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BharatPe CEO Suhail Sameer: I did what was best for company

BharatPe CEO Suhail Sameer

BharatPe CEO Suhail Sameer: I did what was best for company

BharatPe CEO Suhail Sameer broke his silence over reports that he pushed out troubled co-founder Ashneer Grover, saying he did what was right for the company and investors, as well as to protect his name. 
 
Grover was removed of all titles and duties at BharatPe, which allows shop owners to accept digital payments using QR codes, last month after a third-party audit found major governance violations under his leadership. 
 
Grover had accused Sameer of siding with the investors to remove him from office after he was forced to go on leave in January following allegations of using abusive language against Kotak Mahindra Bank employees and of fraudulent practises. Grover had accused Sameer of siding with the investors to remove him from office. 
 
In an interview with PTI, Sameer said, “I buy the majority of them (allegations).” “I did what I thought was best for the investors.” I did what was best for the company; after all, isn’t that why I’m here?” He described Ashneer as a “close personal buddy.” 
 
“We were like really close,” he admitted. “However, my role here isn’t to be a fantastic friend.” My job is to do the right thing.” BharatPe hired a law firm and risk advice specialists to conduct a more thorough inquiry into the claims of financial irregularities under Grover.

BharatPe CEO Suhail Sameer Statement

BharatPe first fired Madhuri Jain, then Grover resigned and the company stripped him of his co-founder title and other titles for allegedly “extensive misappropriation of company funds” by “creating fake vendors” to syphon money and using “company expense accounts” to “enrich themselves and fund their lavish lifestyles.” “I have a tremendous reputation to live up to.” This is my final work, and I will not allow anything to tarnish my reputation. So I would do what is best for the company, what is best for our shareholders, even if it means going against one of us,” Sameer explained.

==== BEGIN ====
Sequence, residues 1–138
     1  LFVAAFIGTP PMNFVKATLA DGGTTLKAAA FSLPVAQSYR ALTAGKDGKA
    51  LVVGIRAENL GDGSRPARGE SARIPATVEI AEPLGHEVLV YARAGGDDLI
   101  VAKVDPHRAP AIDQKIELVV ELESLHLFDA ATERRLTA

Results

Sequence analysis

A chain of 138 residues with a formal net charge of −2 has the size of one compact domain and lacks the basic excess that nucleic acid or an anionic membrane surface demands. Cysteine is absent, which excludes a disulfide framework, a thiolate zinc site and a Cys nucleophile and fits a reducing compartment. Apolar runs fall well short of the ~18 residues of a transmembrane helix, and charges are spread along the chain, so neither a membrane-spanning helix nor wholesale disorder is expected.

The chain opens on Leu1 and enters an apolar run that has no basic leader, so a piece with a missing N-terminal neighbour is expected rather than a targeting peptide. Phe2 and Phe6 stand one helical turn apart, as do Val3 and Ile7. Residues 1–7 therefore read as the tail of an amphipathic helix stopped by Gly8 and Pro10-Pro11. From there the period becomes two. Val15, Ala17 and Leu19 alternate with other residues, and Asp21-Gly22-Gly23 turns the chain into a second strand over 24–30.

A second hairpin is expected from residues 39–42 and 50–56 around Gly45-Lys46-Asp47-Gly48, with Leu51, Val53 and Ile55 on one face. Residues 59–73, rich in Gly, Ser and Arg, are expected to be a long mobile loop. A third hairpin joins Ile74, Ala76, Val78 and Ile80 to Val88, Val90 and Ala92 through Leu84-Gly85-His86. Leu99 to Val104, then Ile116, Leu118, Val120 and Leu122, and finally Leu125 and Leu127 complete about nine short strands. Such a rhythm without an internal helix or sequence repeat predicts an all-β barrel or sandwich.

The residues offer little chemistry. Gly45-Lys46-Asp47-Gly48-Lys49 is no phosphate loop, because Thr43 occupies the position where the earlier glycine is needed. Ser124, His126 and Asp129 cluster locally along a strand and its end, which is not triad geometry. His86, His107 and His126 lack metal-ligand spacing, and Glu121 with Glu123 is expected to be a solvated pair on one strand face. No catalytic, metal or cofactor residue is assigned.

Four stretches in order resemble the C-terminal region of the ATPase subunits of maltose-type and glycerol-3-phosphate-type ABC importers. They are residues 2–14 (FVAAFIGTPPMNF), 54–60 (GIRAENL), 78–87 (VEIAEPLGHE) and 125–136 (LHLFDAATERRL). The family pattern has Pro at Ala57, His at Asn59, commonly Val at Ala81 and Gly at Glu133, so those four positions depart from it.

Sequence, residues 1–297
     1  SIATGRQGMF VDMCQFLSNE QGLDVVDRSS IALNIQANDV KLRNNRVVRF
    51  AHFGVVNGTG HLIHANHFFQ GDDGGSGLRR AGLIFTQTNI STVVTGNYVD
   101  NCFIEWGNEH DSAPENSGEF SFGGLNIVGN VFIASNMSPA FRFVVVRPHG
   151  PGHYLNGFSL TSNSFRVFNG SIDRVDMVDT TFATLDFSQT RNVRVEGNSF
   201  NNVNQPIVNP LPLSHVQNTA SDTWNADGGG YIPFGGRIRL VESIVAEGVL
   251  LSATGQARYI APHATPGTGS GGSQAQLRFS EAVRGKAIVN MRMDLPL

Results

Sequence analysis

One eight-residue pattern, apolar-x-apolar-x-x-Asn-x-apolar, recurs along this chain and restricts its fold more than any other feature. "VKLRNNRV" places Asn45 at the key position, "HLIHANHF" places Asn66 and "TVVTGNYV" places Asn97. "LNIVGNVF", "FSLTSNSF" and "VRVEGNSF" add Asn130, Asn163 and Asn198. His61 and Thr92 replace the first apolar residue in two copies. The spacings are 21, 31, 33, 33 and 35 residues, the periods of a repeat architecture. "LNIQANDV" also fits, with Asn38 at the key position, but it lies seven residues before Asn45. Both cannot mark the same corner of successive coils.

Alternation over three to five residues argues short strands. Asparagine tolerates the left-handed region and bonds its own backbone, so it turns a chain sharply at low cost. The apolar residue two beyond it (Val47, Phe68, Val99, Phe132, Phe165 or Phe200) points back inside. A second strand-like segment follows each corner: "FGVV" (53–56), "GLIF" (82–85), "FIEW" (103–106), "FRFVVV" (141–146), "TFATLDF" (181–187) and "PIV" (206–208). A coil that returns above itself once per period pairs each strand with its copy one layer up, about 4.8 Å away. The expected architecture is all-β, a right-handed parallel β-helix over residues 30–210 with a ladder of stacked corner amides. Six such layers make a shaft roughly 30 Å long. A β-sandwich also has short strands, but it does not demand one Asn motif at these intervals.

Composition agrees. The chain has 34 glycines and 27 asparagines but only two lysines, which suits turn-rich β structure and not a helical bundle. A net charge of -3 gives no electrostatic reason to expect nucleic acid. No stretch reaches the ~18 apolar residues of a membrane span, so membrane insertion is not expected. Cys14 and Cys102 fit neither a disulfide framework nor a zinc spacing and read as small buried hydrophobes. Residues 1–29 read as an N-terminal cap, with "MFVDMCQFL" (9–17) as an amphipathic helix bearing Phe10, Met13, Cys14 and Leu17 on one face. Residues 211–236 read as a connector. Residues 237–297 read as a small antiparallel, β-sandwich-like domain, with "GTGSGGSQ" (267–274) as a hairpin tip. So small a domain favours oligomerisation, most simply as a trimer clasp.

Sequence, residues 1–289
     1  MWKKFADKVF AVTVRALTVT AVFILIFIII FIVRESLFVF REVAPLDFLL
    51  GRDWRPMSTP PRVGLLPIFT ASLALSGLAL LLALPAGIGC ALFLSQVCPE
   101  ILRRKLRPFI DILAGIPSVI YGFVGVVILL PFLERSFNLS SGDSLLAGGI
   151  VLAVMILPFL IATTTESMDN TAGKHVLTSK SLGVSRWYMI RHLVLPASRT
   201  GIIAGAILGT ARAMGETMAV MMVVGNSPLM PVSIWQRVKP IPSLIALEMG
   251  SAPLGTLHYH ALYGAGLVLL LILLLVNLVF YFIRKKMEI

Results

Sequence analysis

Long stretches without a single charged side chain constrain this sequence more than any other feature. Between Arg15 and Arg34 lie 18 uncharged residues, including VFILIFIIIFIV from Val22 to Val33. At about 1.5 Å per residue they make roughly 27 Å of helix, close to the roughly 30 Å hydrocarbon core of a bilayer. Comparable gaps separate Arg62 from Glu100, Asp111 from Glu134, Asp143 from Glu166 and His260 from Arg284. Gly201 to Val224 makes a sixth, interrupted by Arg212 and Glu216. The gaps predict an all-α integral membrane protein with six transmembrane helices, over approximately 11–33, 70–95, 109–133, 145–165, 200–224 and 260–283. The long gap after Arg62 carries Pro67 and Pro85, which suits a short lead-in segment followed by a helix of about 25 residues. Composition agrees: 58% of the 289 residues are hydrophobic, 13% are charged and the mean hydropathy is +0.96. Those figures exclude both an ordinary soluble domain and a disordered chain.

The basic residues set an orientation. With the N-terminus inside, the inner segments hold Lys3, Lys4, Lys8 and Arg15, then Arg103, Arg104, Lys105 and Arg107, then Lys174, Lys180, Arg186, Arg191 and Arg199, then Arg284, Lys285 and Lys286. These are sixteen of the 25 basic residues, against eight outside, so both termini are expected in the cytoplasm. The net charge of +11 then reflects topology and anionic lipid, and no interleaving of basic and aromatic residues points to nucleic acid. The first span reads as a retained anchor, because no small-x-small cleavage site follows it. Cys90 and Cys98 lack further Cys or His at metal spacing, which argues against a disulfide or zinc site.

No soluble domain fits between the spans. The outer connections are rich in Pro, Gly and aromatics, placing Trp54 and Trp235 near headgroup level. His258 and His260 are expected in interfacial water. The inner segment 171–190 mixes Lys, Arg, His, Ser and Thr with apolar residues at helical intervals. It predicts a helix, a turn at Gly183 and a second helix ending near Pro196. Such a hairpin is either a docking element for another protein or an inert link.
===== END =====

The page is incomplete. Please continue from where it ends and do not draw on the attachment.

If his behaviour had been criticized, he claimed he could have walked away. 
 
So I did what any CEO would do,” he explained. “Therefore, there is no question of making accusations or taking sides.” Grover allegedly said he was forced to take leave by Sameer and the company’s general counsel, Sumeet Singh. 
 
Things were “turbulent,” according to Sameer.

About Ashneer Grover

For my general counsel, they were “much more tumultuous” (Singh). He (Singh) was a boyhood friend of Ashneer’s,” he explained. “We are the two persons who have been accused of everything. But we were only two people who had reserved a spot. Anyone on the governing council would have been subjected to the same accusations. We’re not taking it seriously. Hopefully, Ashneer and I will be friends again in a few years.” BharatPe‘s board of directors has received the final report. 
 
The board may meet later this month to address it, but there is also a feeling that there is no need for further action now that Ashneer has submitted his papers, he said. 
 
“The board has the last say.” It’s too soon for me to speak on behalf of the board (what it will do on the report). “Right now, the focus is on getting the business to develop (and making) employees happy,” he said. 
 
He stated that all of the board members have received the reports and have gone over them. “At some point in the future, we’ll get together and figure out what we’re going to do with it.” Grover presently owns 9.5 percent of BharatPe, while Shashvat Nakrani controls the remaining 9.5 percent. 

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